What you read...............

The original labour movement fought long and hard for you to have a choice and now in effect you throw that away by acting like a serf with your woe is me attitutude.

You have a choice. (not everyone does but you do)

What I mean is you cannot leave the system. The capitalist system.

I have worked in the public and private sectors, I have been self employed and unemployed.

I have worked full time and with agencies. But its all part of the same system.

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What I mean is you cannot leave the system. The capitalist system.

I have worked in the public and private sectors, I have been self employed and unemployed.

I have worked full time and with agencies. But its all part of the same system.

Point taken, perhaps it is about the pursuit of happiness and work we are re discovering is a diversion.

I don't know but your point is well made.

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I have always thought that. Which is why I think the we will manufacture things again and employ lots of people is a myth.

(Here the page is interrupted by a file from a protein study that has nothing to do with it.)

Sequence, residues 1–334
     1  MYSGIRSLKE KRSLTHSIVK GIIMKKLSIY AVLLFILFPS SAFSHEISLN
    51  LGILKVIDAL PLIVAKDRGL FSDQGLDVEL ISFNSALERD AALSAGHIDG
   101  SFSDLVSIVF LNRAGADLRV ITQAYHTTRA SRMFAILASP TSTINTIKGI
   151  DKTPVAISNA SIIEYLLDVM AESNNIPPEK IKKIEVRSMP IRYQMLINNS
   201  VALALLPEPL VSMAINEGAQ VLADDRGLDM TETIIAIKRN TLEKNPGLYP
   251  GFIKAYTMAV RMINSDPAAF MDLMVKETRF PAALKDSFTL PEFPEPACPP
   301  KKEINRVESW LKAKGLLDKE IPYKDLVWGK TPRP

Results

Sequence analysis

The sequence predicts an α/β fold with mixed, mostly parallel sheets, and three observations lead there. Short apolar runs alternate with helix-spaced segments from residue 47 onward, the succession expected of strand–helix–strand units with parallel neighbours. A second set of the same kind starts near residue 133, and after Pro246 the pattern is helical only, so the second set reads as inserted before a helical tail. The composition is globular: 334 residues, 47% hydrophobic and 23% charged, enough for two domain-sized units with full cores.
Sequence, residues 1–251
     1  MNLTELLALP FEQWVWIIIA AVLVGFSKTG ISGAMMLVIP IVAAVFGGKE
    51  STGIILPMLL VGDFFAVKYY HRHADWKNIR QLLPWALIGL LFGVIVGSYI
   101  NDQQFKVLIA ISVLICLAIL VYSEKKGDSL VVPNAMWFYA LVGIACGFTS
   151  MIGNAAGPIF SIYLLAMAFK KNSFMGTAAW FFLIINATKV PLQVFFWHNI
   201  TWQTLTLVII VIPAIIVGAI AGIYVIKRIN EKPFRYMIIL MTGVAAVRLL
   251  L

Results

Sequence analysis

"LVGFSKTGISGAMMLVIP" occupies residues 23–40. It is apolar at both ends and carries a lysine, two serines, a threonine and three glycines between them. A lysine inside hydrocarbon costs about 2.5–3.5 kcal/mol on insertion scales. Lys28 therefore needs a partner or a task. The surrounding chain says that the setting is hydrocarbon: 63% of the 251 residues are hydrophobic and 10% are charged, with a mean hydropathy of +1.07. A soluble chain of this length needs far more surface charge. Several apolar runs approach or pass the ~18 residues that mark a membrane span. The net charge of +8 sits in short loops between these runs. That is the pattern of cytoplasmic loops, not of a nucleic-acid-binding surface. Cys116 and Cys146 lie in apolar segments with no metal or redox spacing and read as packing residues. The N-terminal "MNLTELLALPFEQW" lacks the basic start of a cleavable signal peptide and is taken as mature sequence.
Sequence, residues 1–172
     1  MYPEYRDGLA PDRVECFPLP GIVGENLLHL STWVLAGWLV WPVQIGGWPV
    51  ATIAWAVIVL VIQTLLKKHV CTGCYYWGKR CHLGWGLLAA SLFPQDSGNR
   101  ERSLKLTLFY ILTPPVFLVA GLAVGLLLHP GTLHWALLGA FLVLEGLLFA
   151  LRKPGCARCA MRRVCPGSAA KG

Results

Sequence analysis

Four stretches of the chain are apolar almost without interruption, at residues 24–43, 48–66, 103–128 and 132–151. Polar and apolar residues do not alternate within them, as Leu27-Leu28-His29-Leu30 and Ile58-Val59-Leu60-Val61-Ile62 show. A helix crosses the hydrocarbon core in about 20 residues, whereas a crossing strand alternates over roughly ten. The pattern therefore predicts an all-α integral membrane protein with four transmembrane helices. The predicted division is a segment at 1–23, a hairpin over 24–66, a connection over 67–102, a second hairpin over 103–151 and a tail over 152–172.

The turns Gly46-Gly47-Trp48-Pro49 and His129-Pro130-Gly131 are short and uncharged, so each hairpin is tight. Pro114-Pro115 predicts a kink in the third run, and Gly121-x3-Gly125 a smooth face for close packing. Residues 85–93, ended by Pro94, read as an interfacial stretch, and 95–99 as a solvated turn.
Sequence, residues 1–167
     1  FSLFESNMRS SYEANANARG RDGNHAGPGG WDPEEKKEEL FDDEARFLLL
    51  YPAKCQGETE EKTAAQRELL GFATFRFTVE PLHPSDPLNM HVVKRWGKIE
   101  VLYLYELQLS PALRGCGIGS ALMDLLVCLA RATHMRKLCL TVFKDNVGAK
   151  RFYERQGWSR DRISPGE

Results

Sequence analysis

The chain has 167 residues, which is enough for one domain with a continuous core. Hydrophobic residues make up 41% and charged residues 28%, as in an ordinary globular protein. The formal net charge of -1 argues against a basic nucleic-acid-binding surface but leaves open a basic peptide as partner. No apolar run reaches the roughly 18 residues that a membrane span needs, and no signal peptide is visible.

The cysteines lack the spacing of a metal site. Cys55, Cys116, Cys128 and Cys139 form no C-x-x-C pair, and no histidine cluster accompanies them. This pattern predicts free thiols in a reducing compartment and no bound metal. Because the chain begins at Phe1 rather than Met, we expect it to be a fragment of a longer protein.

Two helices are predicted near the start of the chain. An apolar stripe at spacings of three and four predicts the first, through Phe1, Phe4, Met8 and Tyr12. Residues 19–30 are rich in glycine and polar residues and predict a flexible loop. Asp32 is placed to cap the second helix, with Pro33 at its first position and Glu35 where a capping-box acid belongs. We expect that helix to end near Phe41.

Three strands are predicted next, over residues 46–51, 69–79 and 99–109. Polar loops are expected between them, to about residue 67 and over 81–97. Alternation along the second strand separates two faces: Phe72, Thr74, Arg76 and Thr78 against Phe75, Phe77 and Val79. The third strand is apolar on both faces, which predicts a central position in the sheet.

Surely a greenfield manufacturing plant in the UK will be automated and employ some highly skilled workers but nothing like the factories of the past.

True, but still a lot of spin-off jobs - packaging, marketing, facilities support, engineering support, transport, materials, local sub components manufacture (and all the spin off from those as well), accounts, personnel, management, waste processing, utilities, design and development. The list will still be huge even if there is just one ultra-efficient robot sat in the middle of the production floor making millions of items a year.

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What I mean is you cannot leave the system. The capitalist system.

I have worked in the public and private sectors, I have been self employed and unemployed.

I have worked full time and with agencies. But its all part of the same system.

So you have a choice.

Beat and change the system - good luck.